Thursday, 16 January 2014

Richemont - same as but everyone talking about structural concerns

I last wrote about the Swiss luxury company Richemont back in November (link here).  Back then, the key quote from the company's release was 'lower sales in mainland China, largely reflecting a prudent consumer sentiment after several years of exceptional expansion'.

So how about the trading update today?  Well, spot the difference...

If I take a look at the overall results - as I noted with the Burberry results yesterday - exchange rates have had an impact: that's quite a difference between 9% constant exchange rates sales growth year-on-year, versus the actual figure of 3%.  The big impact here has been in Japan unsurprisingly with the weak Yen.

The other aspect is the weak Asia-Pacific growth driven by China.

To me - and as personified by the difference in the tone of the comments between the Burberry numbers yesterday and Richemont today - there is a material gender divide, with watches, spirits and typical 'male' gifts being impacted by the crackdown more than 'female' gifts of handbags, scarfs and related. I still think this is the case but more generally I believe a contrast between the headlines and some of the valuations is starting to build up.  The malaise overhanging luxury sourced from China is starting to be perceived in a more structural way. Take this from Goldman Sachs (as reported by today:

'Recent policy comments suggest an intensification of efforts, particularly in terms of stricter supervision and firmer punishments...The anti-corruption language in the Third Plenum is firmer and more comprehensive than previous comments from President Xi Jinping and the recently released anti-corruption five-year plan adds more reform focus areas, including supervision and enforcement'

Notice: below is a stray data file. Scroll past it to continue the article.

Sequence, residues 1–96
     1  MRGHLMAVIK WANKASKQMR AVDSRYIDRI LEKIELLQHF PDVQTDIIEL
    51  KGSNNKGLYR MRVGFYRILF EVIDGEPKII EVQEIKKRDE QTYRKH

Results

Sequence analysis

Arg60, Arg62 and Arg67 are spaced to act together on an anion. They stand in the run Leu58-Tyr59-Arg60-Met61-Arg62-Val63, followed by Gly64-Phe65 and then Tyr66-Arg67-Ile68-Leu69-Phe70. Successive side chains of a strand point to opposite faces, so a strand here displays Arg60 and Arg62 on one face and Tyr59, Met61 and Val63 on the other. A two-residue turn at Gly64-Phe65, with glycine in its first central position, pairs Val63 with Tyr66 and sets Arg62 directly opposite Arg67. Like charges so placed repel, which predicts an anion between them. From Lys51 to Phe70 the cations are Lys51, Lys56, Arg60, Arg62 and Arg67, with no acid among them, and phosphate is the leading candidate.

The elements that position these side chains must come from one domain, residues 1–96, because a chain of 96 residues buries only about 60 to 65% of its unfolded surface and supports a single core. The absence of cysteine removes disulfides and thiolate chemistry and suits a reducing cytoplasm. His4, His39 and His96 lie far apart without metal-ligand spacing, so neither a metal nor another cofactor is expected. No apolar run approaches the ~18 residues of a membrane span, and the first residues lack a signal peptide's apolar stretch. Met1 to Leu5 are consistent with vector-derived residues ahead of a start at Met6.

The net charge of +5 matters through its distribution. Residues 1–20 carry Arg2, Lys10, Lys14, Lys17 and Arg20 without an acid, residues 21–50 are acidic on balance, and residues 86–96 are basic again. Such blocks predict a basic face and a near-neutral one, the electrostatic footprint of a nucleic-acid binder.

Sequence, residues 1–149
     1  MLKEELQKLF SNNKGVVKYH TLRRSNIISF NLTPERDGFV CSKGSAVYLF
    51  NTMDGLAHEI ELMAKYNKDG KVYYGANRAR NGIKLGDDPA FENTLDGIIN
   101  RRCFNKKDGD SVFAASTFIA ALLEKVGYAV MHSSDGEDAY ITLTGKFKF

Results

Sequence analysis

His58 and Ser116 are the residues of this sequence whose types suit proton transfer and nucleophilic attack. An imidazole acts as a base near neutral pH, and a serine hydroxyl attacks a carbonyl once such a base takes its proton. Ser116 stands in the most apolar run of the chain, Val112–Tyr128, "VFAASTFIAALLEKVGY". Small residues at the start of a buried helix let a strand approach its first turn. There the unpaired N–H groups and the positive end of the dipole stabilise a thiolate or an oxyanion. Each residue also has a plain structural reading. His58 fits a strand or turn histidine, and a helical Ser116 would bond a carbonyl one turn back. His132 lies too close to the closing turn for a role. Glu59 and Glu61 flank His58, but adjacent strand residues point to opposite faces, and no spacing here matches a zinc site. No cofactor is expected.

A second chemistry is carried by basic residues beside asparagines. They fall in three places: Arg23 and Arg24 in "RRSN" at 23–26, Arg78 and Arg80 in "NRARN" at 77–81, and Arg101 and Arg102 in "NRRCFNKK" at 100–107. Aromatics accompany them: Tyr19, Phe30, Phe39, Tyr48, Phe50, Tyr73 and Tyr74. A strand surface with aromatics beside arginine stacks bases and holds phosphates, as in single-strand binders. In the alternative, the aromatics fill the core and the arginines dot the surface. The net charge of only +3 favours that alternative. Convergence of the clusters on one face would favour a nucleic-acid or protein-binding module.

Adding to this notion of a structural Chinese impact, Fast FT noted this morning that the Hurun Report's 2014 China Luxury Consumers Survey said that the number of wealthy Chinese who plan to give a gift worth over Rmb5000 (US$826) has declined by a quarter year-on-year.

I think the building danger here is that the baby is thrown out with the bath water...and that can provide opportunities for investors. 

On Richemont specifically, I am still awaiting the CHF80 level I noted in November.  The above concerns may drive the share price there during the next few months.  The big picture Chinese luxury story continues and easy comparisons are coming despite the ongoing government crackdown.  As always be greedy whilst others are fearful...

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